On the Interplay between the Semantics of Java's Finally Clauses and the JML Run-Time Checker

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    This paper discusses how a subtle interaction between the semantics of Java and the implementation of the JML run-time checker can cause the latter to fail to report errors. This problem is due to the well-known capability of finally clauses to implicitly override exceptions. We give some simple examples of annotation violations that are not reported by the run-time checker because the errors are caught within the program text; even without any explicit reference to them. We explain this behaviour, based on the official Java Language Specification. We also discuss what are the consequences of this problem, and we sketch different solutions to the problem (by adapting the implementation of the JML run-time checker, or by adopting a slightly different semantics for Java).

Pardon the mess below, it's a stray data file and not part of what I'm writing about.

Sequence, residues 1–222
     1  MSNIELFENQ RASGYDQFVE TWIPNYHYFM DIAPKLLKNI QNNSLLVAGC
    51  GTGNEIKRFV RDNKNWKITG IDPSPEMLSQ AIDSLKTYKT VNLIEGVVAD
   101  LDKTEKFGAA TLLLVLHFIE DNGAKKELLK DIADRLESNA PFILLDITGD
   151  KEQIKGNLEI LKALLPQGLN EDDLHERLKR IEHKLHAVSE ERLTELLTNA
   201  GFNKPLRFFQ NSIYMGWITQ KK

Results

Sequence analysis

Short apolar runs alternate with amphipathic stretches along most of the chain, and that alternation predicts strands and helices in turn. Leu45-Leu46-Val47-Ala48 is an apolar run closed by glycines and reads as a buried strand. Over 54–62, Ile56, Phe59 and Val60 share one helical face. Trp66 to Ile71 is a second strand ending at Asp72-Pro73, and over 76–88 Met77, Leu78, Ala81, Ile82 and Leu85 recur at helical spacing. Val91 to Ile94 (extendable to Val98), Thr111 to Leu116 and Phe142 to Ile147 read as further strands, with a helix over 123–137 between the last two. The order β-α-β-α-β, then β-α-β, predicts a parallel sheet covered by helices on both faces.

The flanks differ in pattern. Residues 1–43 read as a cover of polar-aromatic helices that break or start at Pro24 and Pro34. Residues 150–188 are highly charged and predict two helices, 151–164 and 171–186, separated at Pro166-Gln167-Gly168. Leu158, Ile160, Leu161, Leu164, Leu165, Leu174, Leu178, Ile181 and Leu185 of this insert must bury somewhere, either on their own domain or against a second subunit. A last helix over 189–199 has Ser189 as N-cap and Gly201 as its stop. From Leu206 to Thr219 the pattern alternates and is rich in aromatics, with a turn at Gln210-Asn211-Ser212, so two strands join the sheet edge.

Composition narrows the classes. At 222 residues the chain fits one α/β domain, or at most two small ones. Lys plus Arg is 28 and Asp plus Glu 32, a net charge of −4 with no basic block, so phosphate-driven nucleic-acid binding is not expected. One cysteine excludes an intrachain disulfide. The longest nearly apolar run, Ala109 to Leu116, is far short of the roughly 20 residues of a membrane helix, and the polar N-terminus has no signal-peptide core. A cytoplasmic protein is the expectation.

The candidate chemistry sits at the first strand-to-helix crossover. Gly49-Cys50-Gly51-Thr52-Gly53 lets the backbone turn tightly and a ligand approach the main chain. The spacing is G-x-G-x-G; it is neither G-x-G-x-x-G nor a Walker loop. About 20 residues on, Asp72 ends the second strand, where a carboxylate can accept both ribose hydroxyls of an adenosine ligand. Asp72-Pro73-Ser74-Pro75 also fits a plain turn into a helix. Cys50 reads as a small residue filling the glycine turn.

Original languageUndefined
    Title of host publicationProceedings of the 11th International Workshop on Formal Techniques for Java-like Programs
    EditorsA. Banerjee
    Place of PublicationNew York
    PublisherAssociation for Computing Machinery
    Number of pages6
    ISBN (Print)978-1-60558-540-6
    Publication statusPublished - 2009
    Event11th Workshop on Formal Techniques for Java-like Programs, FTfJP 2009 - Genua, Italy
    Duration: 5 Jul 20095 Jul 2009
    Conference number: 11

    Publication series



    Workshop11th Workshop on Formal Techniques for Java-like Programs, FTfJP 2009
    Abbreviated titleFTfJP
    Internet address


    • IR-68896
    • METIS-264235
    • EWI-16995
    • Semantics
    • run-time checker
    • finally clauses

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